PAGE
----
Exploiting semantic structure for mapping user-specified form terms to SNOMED CT concepts
Proceedings of the 2nd ACM SIGHIT symposium on International health informatics - IHI '12
The elements of clinical databases are usually named after the clinical terms used in various design artifacts. These terms are instinctively supplied by the users, and hence, different users often use different terms to describe the same clinical concept. This term diversity makes future database integration and analysis a huge challenge. In this paper, we study the problem of standardization of the terms used in a specific kind of user-designed artifact, the encounter forms or templates,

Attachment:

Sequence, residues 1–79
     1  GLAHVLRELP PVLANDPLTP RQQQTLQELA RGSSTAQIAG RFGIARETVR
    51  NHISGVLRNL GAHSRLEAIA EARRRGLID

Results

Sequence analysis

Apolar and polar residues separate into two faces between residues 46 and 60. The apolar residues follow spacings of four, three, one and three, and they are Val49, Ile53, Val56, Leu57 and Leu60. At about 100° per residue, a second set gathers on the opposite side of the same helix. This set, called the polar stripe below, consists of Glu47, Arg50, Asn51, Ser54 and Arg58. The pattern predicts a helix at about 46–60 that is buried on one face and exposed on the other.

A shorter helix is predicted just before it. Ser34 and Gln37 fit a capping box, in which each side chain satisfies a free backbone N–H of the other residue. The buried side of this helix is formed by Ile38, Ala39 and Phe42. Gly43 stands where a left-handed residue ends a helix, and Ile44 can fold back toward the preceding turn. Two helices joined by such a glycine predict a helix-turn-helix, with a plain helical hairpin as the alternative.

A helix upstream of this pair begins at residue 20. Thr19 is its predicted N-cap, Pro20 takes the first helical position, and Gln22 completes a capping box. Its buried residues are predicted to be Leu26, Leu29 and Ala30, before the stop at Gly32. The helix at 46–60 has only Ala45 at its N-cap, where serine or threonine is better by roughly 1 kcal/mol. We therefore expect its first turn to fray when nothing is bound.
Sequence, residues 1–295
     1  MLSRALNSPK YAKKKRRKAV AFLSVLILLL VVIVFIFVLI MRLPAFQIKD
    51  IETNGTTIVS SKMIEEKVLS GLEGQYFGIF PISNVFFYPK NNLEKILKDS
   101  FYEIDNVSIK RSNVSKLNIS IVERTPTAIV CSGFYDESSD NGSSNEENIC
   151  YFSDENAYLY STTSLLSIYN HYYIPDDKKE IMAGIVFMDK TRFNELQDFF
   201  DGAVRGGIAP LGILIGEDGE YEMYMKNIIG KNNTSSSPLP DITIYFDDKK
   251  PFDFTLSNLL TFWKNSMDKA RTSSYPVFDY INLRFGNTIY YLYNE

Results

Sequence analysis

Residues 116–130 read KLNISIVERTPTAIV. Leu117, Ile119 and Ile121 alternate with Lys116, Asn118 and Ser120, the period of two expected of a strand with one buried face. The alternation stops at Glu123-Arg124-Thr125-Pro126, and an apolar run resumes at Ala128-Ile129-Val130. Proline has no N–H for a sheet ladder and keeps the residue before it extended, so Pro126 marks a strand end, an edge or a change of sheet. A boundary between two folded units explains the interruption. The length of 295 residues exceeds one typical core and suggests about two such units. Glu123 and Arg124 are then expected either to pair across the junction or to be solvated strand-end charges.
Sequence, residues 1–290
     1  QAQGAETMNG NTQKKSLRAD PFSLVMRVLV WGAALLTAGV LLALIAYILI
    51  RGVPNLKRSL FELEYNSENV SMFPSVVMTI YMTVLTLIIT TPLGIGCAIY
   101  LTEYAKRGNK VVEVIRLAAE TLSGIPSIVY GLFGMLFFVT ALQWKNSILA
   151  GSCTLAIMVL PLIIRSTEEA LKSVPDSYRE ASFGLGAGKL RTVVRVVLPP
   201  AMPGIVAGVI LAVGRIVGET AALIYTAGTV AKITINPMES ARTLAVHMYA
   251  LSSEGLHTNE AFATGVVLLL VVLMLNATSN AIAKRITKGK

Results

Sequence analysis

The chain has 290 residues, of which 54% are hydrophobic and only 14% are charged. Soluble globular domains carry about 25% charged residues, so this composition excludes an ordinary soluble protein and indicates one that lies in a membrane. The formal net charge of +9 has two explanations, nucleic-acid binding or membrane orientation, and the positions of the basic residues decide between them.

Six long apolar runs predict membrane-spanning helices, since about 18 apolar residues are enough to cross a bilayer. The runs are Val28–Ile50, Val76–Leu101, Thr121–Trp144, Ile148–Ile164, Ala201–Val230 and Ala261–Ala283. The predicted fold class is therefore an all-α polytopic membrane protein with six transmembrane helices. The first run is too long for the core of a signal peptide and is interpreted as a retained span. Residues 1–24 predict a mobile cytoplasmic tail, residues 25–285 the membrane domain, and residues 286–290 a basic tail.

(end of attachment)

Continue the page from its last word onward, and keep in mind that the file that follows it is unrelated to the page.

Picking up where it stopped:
... a popular clinical terminology, the SNOMED CT. In particular, we focus on the problem of mapping the terms on an encounter form to SNOMED CT concepts. Existing term mapping techniques are solely based on syntactic string similarity. Such techniques are unable to disambiguate among the terms that resemble one another linguistically, and yet differ semantically. To improve existing techniques, we consider the context of a term in the mapping process and propose a hybrid approach relying on linguistics as well as structural information. For a given form term, this approach (i) exploits the semantic structure of the form to derive the term's context, and (ii) maps the term to a linguistically-matching SNOMED CT concept that is compatible with the derived context. We test the approach on over 900 clinician-specified terms used in 26 forms. This method achieves 23% improvement in precision and 38% improvement in recall, over a pure linguistic-based approach. Our first contribution is that we introduce and address a new problem of mapping form terms to standard concepts. The second contribution is that the experimental evaluation confirms that structural information has a major role in improving mapping performance, and in addressing the key challenges associated with semantic mapping.